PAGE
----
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    ABSTRACT: Product development is a collaborative activity more often than ever carried out by distributed design teams. It is critical to determine how sketches are used in such environments in order to improve the design process. Sketches produced by students participating in a collaborative design project of three European Universities are classified according to the intention of the designer when producing a sketch, the level of detail shown in the sketch and the phase when the sketch was produced. The adapted classification system used in this paper helps to analyse type of sketches with most variety of ideas. Furthermore, this paper reviews which type of sketches offers the most potential to be further developed. Results show that persuasive sketches offer the broadest range of ideas since they are produced as a combination of ideas from brainstorming sessions. Shared sketches help to achieve consensus in decision-making since the sketches are most likely to be produced by the entire group rather than individually.
    CoDesign 04/2015; 11(2). DOI:10.1080/15710882.2015.1054841
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    • "27) [24]. Some researchers consider the novelty of a generated concept to be indicative of the concept's quality [25]. Thus, work done by Shah and Vargas-Hernandez [1] explored the notion of novelty as a measure of the effectiveness of idea generation techniques in engineering design. "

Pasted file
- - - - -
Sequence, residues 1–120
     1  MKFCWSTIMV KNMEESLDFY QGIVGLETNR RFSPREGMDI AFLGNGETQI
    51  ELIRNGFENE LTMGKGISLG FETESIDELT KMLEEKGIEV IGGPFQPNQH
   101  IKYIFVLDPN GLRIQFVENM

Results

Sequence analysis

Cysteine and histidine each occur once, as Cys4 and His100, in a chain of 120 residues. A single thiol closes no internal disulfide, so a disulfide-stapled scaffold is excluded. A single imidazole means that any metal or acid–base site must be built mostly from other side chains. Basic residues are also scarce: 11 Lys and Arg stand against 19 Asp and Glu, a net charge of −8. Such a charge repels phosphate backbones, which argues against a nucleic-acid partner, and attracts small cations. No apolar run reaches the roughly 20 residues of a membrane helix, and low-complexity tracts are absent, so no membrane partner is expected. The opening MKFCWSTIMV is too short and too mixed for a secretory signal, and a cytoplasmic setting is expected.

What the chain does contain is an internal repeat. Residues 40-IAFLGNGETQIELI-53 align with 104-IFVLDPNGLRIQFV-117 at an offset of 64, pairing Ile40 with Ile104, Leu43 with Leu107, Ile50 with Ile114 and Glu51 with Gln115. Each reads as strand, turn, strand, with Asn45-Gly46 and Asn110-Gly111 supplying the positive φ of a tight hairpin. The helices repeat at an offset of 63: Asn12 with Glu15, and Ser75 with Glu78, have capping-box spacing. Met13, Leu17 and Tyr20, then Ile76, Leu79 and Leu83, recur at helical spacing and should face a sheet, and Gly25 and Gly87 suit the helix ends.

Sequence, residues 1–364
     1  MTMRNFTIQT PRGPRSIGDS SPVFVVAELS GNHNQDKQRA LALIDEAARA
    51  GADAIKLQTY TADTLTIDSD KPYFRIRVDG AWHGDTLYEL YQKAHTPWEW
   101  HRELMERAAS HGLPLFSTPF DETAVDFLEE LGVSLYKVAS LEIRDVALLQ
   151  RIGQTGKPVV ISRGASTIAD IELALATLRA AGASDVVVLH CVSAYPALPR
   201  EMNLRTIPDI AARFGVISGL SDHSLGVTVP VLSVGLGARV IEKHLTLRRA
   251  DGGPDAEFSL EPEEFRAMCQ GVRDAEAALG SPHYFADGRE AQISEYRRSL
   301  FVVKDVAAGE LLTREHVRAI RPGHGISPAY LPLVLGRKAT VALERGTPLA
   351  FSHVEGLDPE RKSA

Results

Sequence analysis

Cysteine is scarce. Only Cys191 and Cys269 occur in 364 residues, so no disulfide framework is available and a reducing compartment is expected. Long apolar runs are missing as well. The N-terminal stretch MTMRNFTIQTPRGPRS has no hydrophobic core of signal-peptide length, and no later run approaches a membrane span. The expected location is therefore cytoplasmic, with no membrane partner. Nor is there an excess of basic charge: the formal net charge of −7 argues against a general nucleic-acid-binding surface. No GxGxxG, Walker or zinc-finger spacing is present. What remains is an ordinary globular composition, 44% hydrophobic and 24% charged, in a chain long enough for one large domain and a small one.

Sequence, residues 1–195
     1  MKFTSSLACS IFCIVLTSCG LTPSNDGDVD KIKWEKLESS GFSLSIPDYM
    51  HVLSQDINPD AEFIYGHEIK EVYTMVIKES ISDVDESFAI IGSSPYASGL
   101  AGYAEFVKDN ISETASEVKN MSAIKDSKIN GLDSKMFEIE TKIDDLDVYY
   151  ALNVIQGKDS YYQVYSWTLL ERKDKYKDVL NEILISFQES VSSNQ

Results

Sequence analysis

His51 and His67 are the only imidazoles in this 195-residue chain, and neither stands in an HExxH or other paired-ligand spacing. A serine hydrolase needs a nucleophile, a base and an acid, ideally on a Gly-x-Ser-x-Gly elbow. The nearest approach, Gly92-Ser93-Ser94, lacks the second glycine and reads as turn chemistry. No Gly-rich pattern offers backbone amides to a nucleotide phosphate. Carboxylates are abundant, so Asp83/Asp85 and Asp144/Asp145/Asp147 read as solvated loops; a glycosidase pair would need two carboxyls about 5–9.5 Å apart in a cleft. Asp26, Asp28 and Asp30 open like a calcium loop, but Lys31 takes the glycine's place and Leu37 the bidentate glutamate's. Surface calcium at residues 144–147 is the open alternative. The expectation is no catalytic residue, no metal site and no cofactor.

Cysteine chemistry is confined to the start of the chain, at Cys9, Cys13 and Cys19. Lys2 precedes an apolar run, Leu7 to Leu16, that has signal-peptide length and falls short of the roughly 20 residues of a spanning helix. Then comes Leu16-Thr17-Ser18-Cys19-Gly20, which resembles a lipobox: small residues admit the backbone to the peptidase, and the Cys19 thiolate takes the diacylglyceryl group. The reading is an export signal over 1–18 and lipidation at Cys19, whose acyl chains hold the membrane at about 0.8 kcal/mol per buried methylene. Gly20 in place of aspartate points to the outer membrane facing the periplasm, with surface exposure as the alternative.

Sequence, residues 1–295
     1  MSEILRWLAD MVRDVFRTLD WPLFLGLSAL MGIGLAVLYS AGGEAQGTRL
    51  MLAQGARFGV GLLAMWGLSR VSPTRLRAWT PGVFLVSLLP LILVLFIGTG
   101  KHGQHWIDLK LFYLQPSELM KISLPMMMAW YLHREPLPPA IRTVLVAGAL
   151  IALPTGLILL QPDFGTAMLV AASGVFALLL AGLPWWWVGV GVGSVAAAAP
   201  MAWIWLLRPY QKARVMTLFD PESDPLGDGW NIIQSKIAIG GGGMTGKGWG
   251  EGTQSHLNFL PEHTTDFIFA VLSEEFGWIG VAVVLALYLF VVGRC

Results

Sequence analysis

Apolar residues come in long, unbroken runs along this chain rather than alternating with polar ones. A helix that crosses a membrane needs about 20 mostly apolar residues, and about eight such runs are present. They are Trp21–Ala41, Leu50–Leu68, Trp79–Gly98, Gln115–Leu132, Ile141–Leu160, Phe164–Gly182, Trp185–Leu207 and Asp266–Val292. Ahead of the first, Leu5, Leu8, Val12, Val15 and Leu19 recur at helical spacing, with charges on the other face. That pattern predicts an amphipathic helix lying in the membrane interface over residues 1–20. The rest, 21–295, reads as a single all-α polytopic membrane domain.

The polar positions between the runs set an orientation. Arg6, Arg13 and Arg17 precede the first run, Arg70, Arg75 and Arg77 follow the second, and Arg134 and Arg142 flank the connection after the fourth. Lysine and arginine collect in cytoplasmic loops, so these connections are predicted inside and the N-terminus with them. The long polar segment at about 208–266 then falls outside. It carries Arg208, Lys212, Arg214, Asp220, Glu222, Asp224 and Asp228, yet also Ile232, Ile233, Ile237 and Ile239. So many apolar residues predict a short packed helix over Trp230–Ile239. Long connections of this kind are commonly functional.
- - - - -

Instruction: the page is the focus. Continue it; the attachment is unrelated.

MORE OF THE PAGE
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    ABSTRACT: Although design novelty is a critical area of research in engineering design, most research in this space has focused on understanding and developing formal idea generation methods instead of focusing on the impact of current design practices. This is problematic because formal techniques are often not adopted in industry due to the burdensome steps often included in these methods, which limit the practicality and adoption of these methods. This study seeks to understand the impact of product dissection, a design method widely utilized in academia and industry, on design novelty in order to produce recommendations for the use or alterations of this method for supporting novelty in design. To investigate the impact of dissection, a study was conducted with 76 engineering students who completed a team-based dissection of an electric toothbrush and then individually generated ideas. The relationships between involvement in the dissection activity, the product dissected, the novelty and quantity of the ideas developed were investigated. The results reveal that team members who were more involved in the dissection activity generated concepts that were more novel than those who did not. In addition, the type of the dissected product also had an influence on design novelty. Finally, a positive correlation between the number of ideas generated and the novelty of the design concepts was identified. The results from this study are used to provide recommendations for leveraging product dissection for enhancing novelty in engineering design education and practice.
    Journal of Mechanical Design 04/2014; 136(4-4):041004-041004. DOI:10.1115/1.4026151 · 1.25 Impact Factor